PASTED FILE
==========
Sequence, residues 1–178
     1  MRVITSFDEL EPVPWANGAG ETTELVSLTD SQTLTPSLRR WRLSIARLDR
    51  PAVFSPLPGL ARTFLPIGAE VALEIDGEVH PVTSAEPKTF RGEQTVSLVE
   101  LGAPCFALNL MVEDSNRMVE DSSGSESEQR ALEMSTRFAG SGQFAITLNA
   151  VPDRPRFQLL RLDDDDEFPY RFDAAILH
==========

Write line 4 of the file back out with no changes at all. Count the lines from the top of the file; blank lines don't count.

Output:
   101  LGAPCFALNL MVEDSNRMVE DSSGSESEQR ALEMSTRFAG SGQFAITLNA